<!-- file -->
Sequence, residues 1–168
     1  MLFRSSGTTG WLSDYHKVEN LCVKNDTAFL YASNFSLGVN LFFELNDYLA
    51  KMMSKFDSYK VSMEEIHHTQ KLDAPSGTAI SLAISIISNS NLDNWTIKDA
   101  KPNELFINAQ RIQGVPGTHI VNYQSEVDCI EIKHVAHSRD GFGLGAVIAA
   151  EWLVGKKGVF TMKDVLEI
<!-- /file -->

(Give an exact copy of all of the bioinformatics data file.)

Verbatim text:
Sequence, residues 1–168
     1  MLFRSSGTTG WLSDYHKVEN LCVKNDTAFL YASNFSLGVN LFFELNDYLA
    51  KMMSKFDSYK VSMEEIHHTQ KLDAPSGTAI SLAISIISNS NLDNWTIKDA
   101  KPNELFINAQ RIQGVPGTHI VNYQSEVDCI EIKHVAHSRD GFGLGAVIAA
   151  EWLVGKKGVF TMKDVLEI